Knowledge Search


×
 

PSM unavailable due to PSM server root partition usage full

  [KB35072] Show Article Properties


Summary:

This article will show you how to recover the PSM server application when it is unavailable due to PSM server root partition full usage.

Symptoms:

The PSM client cannot connect or login to the PSM server.   This can be the result of the PSM Linux server's root partition being full, which results in the (PSM) EMS processes stopping.   As a result the PSM client cannot connect.

To identify these symptoms, open a terminal session via SSH to the PSM Linux server, and check the status of the PSM processes and the disk space usage. 

  1. Enter the command "psm-status" to verify if the four EMS processes show "running".   If not, continue to step 2 and view the disk usage.  

    Example of normal PSM status:

    Note: Some lines have been edited or removed for purposes of this document.

    The Monit daemon 5.14 uptime: 6d 10h 36m
    Process 'Ems-Server-Masters'        Running
    Process 'Ems-Server-Workers'        Running
    Process 'Ems-Server-Discovery'      Running
    Process 'Ems-Dashboard'             Running
  2. Using the command "df -H" the output shows the root partition "/ "usage is at or near 100% 

    [root@psmdemo]# df -H
    Filesystem      Size  Used Avail Use% Mounted on
    /dev/sda5       224G   224G  0G  100% /
    devtmpfs        4.1G     0  4.1G   0% /dev
    tmpfs           4.1G     0  4.1G   0% /dev/shm
    tmpfs           4.1G  313M  3.8G   8% /run
    tmpfs           4.1G     0  4.1G   0% /sys/fs/cgroup
    /dev/sda2       521M  183M  339M  36% /boot
    tmpfs           820M     0  820M   0% /run/user/1007
    tmpfs           820M     0  820M   0% /run/user/0
Cause:
 
 
Solution:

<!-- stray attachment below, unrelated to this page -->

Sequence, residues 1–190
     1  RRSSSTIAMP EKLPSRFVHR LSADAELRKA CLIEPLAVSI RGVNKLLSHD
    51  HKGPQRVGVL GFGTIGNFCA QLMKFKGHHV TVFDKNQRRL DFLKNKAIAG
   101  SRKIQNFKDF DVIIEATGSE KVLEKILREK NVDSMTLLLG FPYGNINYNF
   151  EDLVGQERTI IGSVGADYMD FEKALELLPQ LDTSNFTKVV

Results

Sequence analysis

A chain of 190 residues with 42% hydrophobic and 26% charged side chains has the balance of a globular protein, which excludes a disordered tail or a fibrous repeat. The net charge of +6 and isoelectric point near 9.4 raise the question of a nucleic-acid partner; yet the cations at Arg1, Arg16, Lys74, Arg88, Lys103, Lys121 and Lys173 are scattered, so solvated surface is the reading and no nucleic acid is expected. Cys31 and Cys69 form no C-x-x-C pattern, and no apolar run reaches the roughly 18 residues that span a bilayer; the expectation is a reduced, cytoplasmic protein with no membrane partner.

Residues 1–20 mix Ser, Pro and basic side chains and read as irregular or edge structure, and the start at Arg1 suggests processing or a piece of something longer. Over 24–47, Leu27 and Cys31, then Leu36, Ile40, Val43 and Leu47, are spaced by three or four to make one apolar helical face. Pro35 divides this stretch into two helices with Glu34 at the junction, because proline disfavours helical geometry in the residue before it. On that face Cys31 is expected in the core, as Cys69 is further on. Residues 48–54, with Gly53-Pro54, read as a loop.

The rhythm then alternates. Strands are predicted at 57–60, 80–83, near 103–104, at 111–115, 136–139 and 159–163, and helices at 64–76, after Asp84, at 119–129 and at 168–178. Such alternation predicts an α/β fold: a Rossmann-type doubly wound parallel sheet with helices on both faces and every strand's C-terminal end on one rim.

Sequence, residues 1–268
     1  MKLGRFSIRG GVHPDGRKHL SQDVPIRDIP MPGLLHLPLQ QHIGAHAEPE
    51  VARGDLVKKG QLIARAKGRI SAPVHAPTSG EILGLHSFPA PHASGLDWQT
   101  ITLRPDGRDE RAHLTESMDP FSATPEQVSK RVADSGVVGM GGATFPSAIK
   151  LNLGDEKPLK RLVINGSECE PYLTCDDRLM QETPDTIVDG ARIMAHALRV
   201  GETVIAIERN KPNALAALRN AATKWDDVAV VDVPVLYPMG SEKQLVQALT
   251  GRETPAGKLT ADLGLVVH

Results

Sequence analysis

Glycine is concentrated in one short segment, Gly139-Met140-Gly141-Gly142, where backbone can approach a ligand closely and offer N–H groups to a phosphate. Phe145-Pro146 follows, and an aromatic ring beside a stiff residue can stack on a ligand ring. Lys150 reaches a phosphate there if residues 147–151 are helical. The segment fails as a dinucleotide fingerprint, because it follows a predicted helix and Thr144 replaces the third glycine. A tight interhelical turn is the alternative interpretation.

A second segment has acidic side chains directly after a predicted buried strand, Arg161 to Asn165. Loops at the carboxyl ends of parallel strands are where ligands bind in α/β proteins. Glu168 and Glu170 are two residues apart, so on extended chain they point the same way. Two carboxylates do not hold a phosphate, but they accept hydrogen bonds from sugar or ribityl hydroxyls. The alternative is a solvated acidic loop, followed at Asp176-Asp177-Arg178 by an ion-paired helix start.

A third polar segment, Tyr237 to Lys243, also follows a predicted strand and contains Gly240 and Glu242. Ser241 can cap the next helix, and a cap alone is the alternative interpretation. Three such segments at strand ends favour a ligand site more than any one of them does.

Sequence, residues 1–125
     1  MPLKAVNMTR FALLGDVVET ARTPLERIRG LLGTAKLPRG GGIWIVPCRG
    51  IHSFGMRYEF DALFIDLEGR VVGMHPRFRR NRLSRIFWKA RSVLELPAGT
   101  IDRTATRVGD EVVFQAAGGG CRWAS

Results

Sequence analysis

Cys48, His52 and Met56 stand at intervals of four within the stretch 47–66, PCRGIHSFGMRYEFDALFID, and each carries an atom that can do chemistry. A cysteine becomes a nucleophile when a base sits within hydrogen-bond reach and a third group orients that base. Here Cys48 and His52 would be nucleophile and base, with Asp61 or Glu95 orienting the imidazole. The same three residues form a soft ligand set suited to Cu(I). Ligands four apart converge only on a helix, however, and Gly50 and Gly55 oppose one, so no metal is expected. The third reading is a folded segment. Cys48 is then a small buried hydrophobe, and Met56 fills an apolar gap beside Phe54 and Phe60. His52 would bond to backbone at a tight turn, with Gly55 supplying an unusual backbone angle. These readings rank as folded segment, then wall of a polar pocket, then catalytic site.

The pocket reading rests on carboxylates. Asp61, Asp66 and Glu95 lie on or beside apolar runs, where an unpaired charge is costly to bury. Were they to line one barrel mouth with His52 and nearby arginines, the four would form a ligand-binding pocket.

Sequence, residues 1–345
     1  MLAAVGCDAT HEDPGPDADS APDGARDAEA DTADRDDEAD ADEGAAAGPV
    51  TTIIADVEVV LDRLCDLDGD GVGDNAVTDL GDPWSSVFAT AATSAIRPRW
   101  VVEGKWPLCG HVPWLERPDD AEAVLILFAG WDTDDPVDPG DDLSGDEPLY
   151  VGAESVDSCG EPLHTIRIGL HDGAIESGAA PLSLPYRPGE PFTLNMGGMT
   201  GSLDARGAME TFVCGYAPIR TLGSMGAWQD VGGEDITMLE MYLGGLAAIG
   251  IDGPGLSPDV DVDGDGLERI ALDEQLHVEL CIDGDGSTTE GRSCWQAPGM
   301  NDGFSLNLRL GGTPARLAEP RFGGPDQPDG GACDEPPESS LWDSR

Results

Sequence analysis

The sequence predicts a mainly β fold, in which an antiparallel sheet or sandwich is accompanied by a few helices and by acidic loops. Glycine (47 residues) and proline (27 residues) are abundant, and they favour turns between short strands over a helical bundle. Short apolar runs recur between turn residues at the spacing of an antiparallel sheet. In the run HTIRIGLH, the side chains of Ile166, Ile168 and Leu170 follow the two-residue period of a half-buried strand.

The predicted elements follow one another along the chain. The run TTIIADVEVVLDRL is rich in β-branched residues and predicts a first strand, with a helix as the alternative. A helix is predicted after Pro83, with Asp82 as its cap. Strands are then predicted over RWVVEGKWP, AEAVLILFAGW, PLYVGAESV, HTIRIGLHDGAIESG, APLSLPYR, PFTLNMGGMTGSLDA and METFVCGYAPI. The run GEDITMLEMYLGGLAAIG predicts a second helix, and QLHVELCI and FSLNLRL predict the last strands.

To free disk space, first find out which files are taking up the majority of the space of the root partition, then delete them or archive them.  

  1. Open a terminal session via SSH to the PSM Linux server.

    Use the command du -sh /* to view the usage of each folder that belongs to "/".   Continue to perform the same command for each folder and subfolder until you get to the files that are taking up the majority of space.

    For example:

    du -sh /usr/*
    du -sh /usr/local/ems9001/*
  2. Delete any of the files you think are unnecessary and taking up space.  These might include leftover rpm files or old logs that are no longer needed.  

     Note: PSM will purge the old logs it generated older than 60 days automatically, while in PSM older release(R5.x) that function might stop for some reason and the logs files can be flood the root partition.  The command below will locate and manually free up the space by deleting the log files older than 90 days
      
    find /usr/local/ems9001/logs/ -mtime +90 -type f -exec rm -rf {} \;
  3. View the filesystem again, and make sure the root partition usage is below 75%

    [root@psmdemo ftpadmin]# df -H
    Filesystem      Size  Used Avail Use% Mounted on
    /dev/sda5       224G   156G  68G  70% /
    devtmpfs        4.1G     0  4.1G   0% /dev
    tmpfs           4.1G     0  4.1G   0% /dev/shm
    tmpfs           4.1G  313M  3.8G   8% /run
    tmpfs           4.1G     0  4.1G   0% /sys/fs/cgroup
    /dev/sda2       521M  183M  339M  36% /boot
    tmpfs           820M     0  820M   0% /run/user/1007
    tmpfs           820M     0  820M   0% /run/user/0
  4. PSM client should be able to connect once the EMS processes are running again. 

    Issue the command "psm-restart" at the PSM Linux command line to restart the PSM services. 
     
    [root@psmdemo]# psm-restart 
    Every 2.0s: monit summary                    Mon Sep 20 14:16:24 2019
    The Monit daemon 5.14 uptime: 6d 11h 11m

    ---TRUNCATED---
    Process 'Ems-Server-Masters'        Running
    Process 'Ems-Server-Workers'        Running
    Process 'Ems-Server-Discovery'      Running
    Process 'Ems-Dashboard'             Running
  5. Wait for the EMS processes to show Running.  Then press CTRL+C to exit the monitor screen.

    The PSM Client should now be able to connect.

Modification History:
 
 
Related Links: